Peter Casey said he would be using his own money, entirely, to fund his campaign - so all from savings in effect.Gavin Duffy said he was funding his campaign from some fundraising and from his own resources.

Joan Freeman says she is funding her campaign with "two loans and donations from the general public" - and some of that is already in the public domain.

Sean Gallagher said his funding would include a mixture of personal funding and donations.

When it came to personal savings, Ms Ní Riada and Ms Freeman both said none of their funding will come from personal financial savings, while Mr Casey said 100% of his campaign was coming from personal savings.

As mentioned earlier, Michael D Higgins is putting around €110,000 of his own savings into the campaign fund - which is just under one-third of what expects to spend.

Gavin Duffy said he could not say how much of his funding would come from his own savings as yet, while Sean Gallagher did not say how much of his campaign would come from his own savings.

The question of corporate donations can be controversial. So we asked if the candidates expected to secure money from this source - or were actively seeking it. 

Joan Freeman said she expected "little to none" of her campaign funding will come from corporate donors. 

Four of the other candidates - Gavin Duffy, Michael D Higgins, Liadh Ní Riada and Peter Casey - explicitly said none of their funds would be coming from corporate donors. 

Sean Gallagher's reply was that he would be providing this and all other relevant information to the Standards in Public Office after the campaign. 

Whether the candidates were securing financial assistance from political parties was another focus of the This Week team. Candidates were asked whether they received either cash or any benefit in kind. 

Michael D Higgins is a former Labour Minister, TD and activist. He said that one Labour party staff member was working on behalf of his campaign.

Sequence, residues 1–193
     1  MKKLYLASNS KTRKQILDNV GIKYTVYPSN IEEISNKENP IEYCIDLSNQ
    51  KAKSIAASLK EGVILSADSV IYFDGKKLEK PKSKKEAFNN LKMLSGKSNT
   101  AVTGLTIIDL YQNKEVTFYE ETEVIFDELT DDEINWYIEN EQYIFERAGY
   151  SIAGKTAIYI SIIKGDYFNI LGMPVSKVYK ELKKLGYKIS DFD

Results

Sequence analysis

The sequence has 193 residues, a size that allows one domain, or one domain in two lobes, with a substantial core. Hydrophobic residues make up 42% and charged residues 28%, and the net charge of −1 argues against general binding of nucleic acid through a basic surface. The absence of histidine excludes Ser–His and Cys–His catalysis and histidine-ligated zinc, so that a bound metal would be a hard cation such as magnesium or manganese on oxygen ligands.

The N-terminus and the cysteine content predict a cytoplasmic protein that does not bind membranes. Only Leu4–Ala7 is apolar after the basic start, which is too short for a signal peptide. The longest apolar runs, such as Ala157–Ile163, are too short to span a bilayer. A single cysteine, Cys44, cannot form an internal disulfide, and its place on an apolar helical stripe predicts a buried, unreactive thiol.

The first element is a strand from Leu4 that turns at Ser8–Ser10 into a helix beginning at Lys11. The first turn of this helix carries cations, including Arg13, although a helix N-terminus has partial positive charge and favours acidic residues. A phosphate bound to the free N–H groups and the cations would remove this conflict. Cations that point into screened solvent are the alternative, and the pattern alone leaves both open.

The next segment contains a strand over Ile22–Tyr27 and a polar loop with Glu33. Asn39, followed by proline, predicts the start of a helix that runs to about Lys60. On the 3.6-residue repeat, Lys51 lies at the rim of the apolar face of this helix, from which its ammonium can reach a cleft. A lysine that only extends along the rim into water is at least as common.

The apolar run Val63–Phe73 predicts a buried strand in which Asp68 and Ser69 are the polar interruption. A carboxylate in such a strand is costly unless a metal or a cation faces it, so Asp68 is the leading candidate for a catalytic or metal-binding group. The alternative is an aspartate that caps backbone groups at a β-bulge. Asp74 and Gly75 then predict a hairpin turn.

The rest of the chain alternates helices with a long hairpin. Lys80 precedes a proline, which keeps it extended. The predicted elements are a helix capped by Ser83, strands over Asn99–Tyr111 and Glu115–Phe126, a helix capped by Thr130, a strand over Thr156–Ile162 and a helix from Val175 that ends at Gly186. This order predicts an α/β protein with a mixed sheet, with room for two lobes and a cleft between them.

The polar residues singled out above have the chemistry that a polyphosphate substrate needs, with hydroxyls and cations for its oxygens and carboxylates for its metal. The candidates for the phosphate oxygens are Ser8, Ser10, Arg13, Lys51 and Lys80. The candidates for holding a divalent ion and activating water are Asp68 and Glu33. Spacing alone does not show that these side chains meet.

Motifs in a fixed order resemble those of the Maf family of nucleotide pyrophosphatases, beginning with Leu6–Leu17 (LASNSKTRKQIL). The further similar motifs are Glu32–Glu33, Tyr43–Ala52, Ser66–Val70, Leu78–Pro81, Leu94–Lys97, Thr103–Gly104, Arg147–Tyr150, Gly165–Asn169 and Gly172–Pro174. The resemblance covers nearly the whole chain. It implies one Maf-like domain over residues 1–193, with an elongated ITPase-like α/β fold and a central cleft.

However he said that any expenditure on party campaign activity will be counted as campaign spending for SIPO purposes and he would be declaring that after the campaign. He also said he would not be accepting any financial donations from any party.

Sinn Féin MEP Liadh Ní Riada pointed out that her party had raised a €200,000 bank loan for her campaign. 

The remaining four candidates said they did not expect to receive any assistance from any political party.

Finally, we asked the candidates if they expected to borrow money to fund their campaign. 

Gavin Duffy said that "no campaign funds" have been raised through borrowing. He went on to say that although he had received a loan offer he is not going to draw down the loan.

Four of the other candidates gave a direct answer and said they do not expect to personally borrow any money. These were Michael D Higgins, Peter Casey, Sean Gallagher and Liadh Ní Riada.

Only Joan Freeman said she would be borrowing money to fund her campaign.

She's answered questions about this already. She's already said she borrowed €120,000 from businessman Des Walsh and €10,000 from another businessman, Michael Madden, both repayable at 9 percent over 5 years.

On the same theme, we also asked the candidates if they had borrowed money, what if any asset was this loan secured against? The question ultimately only applied to Joan Freeman, and she said that the money she had borrowed was not secured against any asset.